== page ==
The trio convicted of killing Ahmaud Arbery. What is it now?

ATLANTA — The killing was videotaped and shared around the world: Ahmaud Arbery sprints towards and then around an idle pickup truck before its driver detonates it at close range with a shotgun.

Shortly after Travis McMichael fatally shot Arbery on February 23, 2020, his father Greg McMichael told police how the two armed themselves, chased the young Black man and trapped him “like a mouse”. Neighbor William ‘Roddie’ Bryan told officers he had joined the pursuit and helped intercept Arbery’s escape.

After a 13-day trial at the Glynn County courthouse on the Georgia coast, a disproportionately white jury found three white men guilty of murder. Each man was also convicted on lesser charges.


In a nine-number indictment, all three persons were charged with one deliberate manslaughter, four grievous murders, two aggravated assaults, one false imprisonment and one attempted crime, in this case false imprisonment.

Travis McMichael was found guilty on all nine charges. Greg McMichael was found guilty of all charges except malicious murder. Bryan was found guilty of two counts of felony murder, one count of aggravated assault, one false imprisonment, and one attempted felony.


Bad faith and felony murder convictions both carry a minimum life sentence. The judge decides whether this is accompanied by the possibility of parole. Even if parole is granted, a person convicted of murder must serve 30 years before becoming eligible. Multiple murder convictions are combined for the purpose of sentencing.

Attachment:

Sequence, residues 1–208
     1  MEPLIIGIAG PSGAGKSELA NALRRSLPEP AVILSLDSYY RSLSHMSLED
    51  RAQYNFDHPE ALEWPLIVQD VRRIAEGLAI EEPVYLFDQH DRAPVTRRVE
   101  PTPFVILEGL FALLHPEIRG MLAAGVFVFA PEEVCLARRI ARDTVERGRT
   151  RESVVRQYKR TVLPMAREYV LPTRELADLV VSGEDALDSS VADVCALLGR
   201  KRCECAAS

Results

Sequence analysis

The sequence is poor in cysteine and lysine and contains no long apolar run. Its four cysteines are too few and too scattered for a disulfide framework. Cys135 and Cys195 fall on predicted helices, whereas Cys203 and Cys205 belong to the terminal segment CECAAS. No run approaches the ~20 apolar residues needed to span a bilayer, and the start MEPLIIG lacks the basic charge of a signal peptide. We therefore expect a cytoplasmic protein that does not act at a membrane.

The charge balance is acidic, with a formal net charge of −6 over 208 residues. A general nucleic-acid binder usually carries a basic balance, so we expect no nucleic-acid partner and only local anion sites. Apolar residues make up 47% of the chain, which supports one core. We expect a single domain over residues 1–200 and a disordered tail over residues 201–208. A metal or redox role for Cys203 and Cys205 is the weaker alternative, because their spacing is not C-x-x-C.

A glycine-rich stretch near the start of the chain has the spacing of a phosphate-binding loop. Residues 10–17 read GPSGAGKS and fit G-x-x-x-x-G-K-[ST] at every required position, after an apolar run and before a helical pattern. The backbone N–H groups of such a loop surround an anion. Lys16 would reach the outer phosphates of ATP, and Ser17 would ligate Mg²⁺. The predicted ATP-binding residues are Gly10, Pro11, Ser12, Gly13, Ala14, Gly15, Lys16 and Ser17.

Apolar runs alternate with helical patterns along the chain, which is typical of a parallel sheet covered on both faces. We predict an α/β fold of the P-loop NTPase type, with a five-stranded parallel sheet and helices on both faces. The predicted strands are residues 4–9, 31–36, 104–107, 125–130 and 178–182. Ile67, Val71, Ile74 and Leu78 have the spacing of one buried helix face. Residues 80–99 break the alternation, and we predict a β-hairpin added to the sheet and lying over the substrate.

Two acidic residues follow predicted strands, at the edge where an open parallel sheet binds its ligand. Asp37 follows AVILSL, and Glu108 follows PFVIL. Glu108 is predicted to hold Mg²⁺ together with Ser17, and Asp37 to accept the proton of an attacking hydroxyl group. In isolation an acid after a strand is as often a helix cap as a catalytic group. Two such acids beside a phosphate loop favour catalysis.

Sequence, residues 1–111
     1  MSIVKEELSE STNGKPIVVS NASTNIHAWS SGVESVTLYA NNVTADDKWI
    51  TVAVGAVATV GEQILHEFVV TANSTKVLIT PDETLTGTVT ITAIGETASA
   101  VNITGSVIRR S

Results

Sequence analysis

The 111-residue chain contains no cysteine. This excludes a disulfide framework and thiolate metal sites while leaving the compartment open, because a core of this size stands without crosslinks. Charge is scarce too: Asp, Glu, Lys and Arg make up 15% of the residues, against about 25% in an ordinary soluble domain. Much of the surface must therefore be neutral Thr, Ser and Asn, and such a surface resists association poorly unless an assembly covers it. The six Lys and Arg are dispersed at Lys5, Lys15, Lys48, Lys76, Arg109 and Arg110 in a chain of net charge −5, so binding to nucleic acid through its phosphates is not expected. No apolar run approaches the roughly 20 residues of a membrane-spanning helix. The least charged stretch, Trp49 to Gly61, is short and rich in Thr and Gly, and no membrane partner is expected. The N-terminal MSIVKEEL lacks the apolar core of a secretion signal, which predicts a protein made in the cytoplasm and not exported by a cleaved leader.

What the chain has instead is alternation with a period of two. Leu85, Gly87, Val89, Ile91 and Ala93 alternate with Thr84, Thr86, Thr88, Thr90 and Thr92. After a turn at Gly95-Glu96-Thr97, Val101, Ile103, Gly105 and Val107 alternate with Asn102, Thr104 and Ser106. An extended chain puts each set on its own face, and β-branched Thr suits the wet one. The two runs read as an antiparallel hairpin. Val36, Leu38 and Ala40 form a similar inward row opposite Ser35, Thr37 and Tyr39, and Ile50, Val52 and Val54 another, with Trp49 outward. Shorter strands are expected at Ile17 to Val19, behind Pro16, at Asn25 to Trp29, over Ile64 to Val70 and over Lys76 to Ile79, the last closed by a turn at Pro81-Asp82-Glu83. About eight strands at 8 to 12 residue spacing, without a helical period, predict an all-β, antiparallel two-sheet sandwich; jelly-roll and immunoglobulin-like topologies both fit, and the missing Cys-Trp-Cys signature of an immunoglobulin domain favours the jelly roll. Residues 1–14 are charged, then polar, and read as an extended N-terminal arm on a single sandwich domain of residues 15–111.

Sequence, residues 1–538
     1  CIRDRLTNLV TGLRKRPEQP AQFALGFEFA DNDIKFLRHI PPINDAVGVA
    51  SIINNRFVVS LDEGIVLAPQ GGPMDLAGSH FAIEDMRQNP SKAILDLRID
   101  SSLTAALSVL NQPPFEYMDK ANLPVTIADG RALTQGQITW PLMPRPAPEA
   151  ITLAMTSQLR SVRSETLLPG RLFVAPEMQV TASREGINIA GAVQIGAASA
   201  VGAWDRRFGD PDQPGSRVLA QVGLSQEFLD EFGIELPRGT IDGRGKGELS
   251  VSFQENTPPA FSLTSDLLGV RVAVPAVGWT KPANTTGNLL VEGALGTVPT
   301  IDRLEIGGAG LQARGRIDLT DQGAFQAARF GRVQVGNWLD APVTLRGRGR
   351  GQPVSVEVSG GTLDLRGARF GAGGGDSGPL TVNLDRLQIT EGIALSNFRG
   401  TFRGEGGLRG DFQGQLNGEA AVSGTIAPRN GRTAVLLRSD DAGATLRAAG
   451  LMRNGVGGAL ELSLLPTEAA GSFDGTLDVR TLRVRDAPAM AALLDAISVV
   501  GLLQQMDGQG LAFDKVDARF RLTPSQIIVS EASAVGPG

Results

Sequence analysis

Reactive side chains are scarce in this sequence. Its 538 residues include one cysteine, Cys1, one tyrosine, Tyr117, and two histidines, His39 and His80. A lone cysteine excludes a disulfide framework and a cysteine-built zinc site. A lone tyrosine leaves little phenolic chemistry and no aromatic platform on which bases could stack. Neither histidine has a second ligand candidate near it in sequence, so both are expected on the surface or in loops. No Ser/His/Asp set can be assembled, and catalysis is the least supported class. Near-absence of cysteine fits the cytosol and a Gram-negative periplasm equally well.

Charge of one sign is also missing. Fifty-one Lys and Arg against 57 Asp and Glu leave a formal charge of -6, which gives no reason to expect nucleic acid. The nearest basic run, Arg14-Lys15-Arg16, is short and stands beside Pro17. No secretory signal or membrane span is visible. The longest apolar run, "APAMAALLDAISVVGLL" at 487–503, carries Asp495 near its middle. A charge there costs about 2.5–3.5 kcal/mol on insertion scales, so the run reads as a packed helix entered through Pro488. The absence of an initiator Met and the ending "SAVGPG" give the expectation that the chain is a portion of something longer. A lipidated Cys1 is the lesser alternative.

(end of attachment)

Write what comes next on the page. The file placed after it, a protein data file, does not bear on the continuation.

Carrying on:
Murder is also punishable by death in Georgia if the murder meets certain criteria and the prosecutor chooses to seek the death penalty. In this case, prosecutors did not.

Each aggravated assault carries a prison sentence of at least one year, but not more than 20 years. Wrongful imprisonment is punishable by imprisonment from 1 year to 10 years.


This is not clear yet. Supreme Court Justice Timothy Walmsley will set a sentencing date.


In this case, appeals are almost certain, said University of Georgia law professor emeritus Ron Carlson.

A possible basis for an appeal could be the removal of certain evidence from the trial, he said. Defense attorneys had sought to provide evidence that Arbery had a criminal record, mental health records, and was on parole. They also asked a force use expert to testify. However, the judge decided that none of this evidence should be admitted.

“They will argue that the relevant evidence that would aid the defense was rejected by the trial judge and that it was a mistake,” Carlson said.

It is also possible for appellate lawyers to come up with other grounds for appeal after reviewing transcripts and jury instructions and talking to jurors.


Yeah. McMichaels and Bryan still face federal charges.

In April, months before the trio were tried on state murder charges, a federal grand jury indicted them on hate crime charges. A completely separate case unaffected by the outcome of the state case.

U.S. District Court Judge Lisa Godbey Wood scheduled jury selection in the federal case to begin February 7. All three men are charged with civil rights interference and attempted kidnapping. McMichaels was also charged with using, carrying and swinging a firearm during a violent crime.

The federal indictment says the men targeted Arbery because he was Black.


Associated Press writer Russ Bynum of Brunswick, Georgia contributed to this report. Find all the AP news about the case:


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